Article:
Barbecue Safety At Campsites

There have been several tragic deaths in the news recently, regarding barbecues that have been used in campsites. This is because people who are camping have either taken a disposable barbecue into the tent with them to keep them warm, not knowing that it will be giving off poisonous fumes of carbon monoxide, or they have left the barbecue burning close to their tent and the smoke has managed to get inside. Carbon monoxide is a highly poisonous substance which is created when certain fossil fuels, such as gas and charcoal and wood, fail to combust fully due to a lack of oxygen. Carbon monoxide is odourless, tasteless and unlike gas, you cannot smell it, but it is deadly and can kill quickly with no warning. So if you are going camping this year and are planning to use a barbecue, whether or not it is a disposable barbecue, gas or charcoal barbecue, keep yourself and your family and friends safe by following these barbecue safety rules:

  • Never take a barbecue into a tent, caravan or cabin that is lit or still smouldering.
  • When you have finished cooking, keep your barbecue outside as it will continue to give off fumes for a good many hours afterwards. If possible you should try and extinguish the barbecue by spraying water on a disposable and charcoal one and turning off a gas barbecue.
  • Never use a barbecue inside to keep you warm.
  • Never leave a lit barbecue unattended or while sleeping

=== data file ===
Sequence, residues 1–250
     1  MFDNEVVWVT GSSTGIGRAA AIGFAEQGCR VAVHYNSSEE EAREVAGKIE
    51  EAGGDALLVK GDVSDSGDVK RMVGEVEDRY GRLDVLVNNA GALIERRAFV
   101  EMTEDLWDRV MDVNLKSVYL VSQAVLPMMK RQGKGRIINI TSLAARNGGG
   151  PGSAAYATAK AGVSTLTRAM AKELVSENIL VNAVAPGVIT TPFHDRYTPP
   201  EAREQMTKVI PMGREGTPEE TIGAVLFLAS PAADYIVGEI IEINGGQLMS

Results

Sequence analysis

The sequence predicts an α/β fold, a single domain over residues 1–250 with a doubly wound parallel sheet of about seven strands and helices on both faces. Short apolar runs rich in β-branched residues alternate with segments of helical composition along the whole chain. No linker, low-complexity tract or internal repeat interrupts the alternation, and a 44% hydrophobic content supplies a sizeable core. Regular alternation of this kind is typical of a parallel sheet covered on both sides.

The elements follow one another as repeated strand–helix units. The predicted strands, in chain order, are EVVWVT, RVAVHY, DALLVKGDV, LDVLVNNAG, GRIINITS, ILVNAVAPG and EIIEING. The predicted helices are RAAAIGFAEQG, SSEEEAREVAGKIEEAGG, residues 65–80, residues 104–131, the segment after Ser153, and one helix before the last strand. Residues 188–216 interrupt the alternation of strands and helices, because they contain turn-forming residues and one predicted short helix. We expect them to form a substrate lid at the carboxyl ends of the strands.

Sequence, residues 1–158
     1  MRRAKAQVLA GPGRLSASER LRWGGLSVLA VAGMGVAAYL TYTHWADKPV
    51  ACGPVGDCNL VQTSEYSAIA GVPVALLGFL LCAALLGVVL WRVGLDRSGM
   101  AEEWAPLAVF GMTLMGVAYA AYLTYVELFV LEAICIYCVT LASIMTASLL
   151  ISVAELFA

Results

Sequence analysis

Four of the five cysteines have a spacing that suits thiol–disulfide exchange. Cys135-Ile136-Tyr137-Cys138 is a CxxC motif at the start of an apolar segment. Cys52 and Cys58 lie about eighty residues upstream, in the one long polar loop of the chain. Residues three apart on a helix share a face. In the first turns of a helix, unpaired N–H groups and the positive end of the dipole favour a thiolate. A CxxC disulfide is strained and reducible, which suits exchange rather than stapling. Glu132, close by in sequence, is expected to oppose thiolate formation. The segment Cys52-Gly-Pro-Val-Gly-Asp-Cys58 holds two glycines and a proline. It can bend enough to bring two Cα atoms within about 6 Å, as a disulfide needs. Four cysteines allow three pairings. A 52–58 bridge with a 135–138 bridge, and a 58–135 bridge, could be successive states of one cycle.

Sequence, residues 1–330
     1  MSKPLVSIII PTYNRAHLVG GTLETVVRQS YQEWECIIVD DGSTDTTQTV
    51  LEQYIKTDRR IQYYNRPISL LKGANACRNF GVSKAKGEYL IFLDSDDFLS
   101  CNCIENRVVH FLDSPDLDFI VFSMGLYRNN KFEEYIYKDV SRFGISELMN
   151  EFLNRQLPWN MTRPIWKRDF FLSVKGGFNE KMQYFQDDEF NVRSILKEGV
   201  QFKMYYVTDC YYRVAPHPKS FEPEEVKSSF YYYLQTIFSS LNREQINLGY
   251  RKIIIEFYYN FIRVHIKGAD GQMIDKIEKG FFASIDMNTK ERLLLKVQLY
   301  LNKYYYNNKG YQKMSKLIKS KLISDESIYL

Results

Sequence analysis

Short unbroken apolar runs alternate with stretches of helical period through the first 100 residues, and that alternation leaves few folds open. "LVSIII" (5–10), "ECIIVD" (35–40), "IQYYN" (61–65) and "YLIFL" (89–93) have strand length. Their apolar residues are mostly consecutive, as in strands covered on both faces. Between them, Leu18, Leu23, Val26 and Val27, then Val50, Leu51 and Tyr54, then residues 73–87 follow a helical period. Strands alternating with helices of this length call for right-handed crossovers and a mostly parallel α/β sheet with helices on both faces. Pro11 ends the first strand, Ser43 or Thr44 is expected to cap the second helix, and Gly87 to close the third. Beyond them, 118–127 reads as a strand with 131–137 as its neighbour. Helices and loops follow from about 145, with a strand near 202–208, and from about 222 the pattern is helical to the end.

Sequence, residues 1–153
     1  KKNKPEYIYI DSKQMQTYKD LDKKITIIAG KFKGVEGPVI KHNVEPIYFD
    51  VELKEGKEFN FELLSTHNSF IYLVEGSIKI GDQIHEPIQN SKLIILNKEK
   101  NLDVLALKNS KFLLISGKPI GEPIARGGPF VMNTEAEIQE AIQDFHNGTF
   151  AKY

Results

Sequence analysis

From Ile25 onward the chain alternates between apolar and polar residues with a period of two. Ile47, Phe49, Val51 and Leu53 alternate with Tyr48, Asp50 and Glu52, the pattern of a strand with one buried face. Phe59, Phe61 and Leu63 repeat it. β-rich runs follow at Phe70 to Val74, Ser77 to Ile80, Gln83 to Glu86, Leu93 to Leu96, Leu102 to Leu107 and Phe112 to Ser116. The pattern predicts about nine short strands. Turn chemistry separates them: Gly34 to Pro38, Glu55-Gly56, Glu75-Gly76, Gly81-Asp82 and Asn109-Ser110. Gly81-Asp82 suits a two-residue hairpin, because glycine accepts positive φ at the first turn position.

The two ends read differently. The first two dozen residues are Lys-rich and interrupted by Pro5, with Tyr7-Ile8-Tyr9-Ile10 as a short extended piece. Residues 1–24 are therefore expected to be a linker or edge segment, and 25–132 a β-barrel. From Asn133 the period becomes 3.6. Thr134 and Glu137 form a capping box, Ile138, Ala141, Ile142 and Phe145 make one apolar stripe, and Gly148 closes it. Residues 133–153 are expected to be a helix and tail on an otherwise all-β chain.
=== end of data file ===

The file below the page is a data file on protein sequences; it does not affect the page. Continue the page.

• Plan to have your cooking area well away from your tent and ensure there is plenty of fresh air circulating around the area where the barbecue is being used.
  • Only use appliances in accordance with the operating instructions.

Be aware of the signs and symptoms of carbon monoxide poisoning, remember, the six main symptoms to look out for are:

  1. Headaches
  2. Dizziness
  3. Nausea
  4. Breathlessness
  5. Collapse
  6. Loss of consciousness

Being aware of the symptoms could save your life.

Carbon monoxide symptoms are similar to flu, food poisoning, viral infections and simply tiredness. That’s why it’s quite common for people to mistake this very dangerous poisoning for something else. If you suspect someone is suffering from carbon monoxide poisoning you should get them into the fresh air as soon as possible and away from the source of the poisoning. Call 999 and administer CPR if required.

If you’re using gas camping equipment, following these extra tips will help to keep you safe:

  • Check that the appliance is in good order, undamaged and that hoses are properly attached and undamaged.
  • Make sure the gas taps or cylinder valve are turned off before changing the gas cylinder and only do this in the open air.
  • Don’t over-tighten joints.
  • When you have finished cooking, be sure to turn off the gas cylinder before you turn off the barbecue controls – this means any gas in the hose and pipework will be used up.
  • Read the manufacturer’s instructions about how to check for gas escapes from hoses or pipework, e.g. brushing leak detection solution around all joints and looking for bubbles.

Take care this summer and don’t put yourself or your family at risk. For more information or call 0800 408 5500.

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